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Hoffmann, R. A wiki for the life sciences where authorship matters. Nature Genetics (2008)

Enhancement in the adhesion of tumor cells to endothelial cells by decreased cholesterol synthesis.

Adhesive interactions between tumor cells and the endothelial cells are presumed to be an obligatory step in the metastatic process. Using an in vitro model, we have examined the role of endothelial lipids in the regulation of this interaction. The cholesterol levels of bovine aorta endothelial cell monolayers were inhibited by the addition of compactin, 25-hydroxycholesterol, or 7-ketocholesterol. Metastatic B16 melanoma cells prelabeled with 14C-amino acid mixture were then deposited on this monolayer as a suspension and, at various time intervals, the number of cells adhering to the monolayer was determined. The results indicated that inhibition of cellular cholesterol caused enhancement in cell adhesion. On the other hand, perturbations of the glycosylation in the endothelial cells were without any effect on cell adhesion. The presence of cholesterol dispersion in the growth medium partially reversed the enhancement in cell adhesion caused by the cholesterol inhibitors. Growth in the presence of retinol or dexamethasone (1 microM) also caused enhancement in the adhesiveness of the tumor cells to endothelial cells, possibly because of their effects on cholesterol synthesis. Procaine, a local anesthetic which is known to increase membrane fluidity, also increased the tumor cell-endothelial interaction, suggesting that the membrane fluidity plays an important role in the regulation of cell adhesion.[1]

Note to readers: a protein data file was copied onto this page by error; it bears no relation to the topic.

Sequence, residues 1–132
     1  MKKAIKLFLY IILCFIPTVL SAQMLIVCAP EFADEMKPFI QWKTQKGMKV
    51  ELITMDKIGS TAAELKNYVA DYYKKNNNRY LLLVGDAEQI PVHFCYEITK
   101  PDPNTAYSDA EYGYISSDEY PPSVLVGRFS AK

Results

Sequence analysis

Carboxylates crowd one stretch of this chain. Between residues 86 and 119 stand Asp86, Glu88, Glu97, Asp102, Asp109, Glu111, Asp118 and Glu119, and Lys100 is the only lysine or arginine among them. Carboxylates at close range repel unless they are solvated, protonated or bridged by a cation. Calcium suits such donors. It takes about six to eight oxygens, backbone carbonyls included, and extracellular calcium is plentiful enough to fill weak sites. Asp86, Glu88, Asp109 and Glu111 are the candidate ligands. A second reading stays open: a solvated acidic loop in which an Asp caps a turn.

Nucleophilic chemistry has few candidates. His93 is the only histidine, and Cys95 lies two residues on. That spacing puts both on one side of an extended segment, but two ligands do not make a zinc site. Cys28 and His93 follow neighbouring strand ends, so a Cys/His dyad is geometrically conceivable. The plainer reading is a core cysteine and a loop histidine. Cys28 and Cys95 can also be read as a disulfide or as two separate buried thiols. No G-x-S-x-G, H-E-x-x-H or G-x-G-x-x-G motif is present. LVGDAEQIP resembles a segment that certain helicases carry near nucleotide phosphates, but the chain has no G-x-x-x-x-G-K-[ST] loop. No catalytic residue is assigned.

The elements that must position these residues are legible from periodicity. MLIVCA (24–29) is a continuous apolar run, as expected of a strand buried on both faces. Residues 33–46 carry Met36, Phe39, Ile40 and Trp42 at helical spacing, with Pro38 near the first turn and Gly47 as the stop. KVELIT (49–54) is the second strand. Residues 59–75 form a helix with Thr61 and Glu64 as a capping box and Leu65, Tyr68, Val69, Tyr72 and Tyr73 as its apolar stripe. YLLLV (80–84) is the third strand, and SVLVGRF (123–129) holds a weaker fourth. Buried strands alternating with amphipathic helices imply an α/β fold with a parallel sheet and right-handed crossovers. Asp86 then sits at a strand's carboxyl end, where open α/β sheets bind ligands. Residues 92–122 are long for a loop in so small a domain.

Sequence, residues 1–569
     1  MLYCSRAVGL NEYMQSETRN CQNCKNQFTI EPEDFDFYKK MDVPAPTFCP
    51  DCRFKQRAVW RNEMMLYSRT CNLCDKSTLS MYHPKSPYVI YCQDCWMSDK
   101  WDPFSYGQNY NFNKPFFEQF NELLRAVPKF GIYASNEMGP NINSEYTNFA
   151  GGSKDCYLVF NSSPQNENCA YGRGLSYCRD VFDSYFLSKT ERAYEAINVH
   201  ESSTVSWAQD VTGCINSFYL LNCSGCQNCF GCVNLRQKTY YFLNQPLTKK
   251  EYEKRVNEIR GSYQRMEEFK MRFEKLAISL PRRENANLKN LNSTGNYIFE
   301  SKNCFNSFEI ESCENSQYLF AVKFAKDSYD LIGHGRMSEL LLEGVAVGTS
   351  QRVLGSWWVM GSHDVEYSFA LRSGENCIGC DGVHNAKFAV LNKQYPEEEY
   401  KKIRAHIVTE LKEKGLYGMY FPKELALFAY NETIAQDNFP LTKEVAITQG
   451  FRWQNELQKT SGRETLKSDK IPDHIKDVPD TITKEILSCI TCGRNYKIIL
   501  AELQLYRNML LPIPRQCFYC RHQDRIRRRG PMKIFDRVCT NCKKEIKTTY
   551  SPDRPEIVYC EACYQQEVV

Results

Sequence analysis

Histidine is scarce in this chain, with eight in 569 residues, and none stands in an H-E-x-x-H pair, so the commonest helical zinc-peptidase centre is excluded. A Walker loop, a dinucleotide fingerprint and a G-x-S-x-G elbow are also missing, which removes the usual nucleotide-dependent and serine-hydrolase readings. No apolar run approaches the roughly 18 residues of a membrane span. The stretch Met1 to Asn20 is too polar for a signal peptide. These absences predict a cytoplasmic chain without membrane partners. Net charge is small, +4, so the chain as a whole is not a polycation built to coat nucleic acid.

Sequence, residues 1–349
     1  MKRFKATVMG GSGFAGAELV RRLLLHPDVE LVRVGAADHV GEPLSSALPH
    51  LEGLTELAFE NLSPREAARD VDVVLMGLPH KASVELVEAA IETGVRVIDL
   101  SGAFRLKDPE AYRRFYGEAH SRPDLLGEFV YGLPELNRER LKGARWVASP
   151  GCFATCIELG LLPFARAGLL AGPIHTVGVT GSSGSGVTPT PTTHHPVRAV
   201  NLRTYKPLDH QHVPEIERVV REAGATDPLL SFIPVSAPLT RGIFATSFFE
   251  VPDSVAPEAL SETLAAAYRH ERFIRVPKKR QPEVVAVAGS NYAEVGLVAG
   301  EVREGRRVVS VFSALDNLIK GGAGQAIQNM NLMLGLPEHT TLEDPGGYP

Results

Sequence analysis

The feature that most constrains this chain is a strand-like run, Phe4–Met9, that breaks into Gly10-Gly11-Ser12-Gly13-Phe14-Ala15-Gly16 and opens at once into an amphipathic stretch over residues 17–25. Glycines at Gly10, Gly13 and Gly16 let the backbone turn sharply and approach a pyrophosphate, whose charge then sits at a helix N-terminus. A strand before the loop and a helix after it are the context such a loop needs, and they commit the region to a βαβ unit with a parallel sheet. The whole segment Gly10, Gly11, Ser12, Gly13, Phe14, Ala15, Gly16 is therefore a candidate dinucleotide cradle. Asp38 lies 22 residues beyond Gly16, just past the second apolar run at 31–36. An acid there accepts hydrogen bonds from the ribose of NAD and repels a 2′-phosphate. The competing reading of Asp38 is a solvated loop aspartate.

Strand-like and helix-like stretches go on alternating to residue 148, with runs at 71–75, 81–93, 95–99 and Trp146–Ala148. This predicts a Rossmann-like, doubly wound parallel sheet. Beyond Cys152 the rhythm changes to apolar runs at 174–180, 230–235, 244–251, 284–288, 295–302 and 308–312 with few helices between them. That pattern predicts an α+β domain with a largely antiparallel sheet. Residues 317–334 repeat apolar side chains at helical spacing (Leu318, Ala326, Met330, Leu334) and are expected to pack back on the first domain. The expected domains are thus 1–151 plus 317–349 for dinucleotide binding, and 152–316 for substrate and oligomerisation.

1. Enhancement in the adhesion of tumor cells to endothelial cells by decreased cholesterol synthesis. Ramachandran, C.K., Sanders, K., Melnykovych, G. Cancer Res. (1986) [Pubmed]
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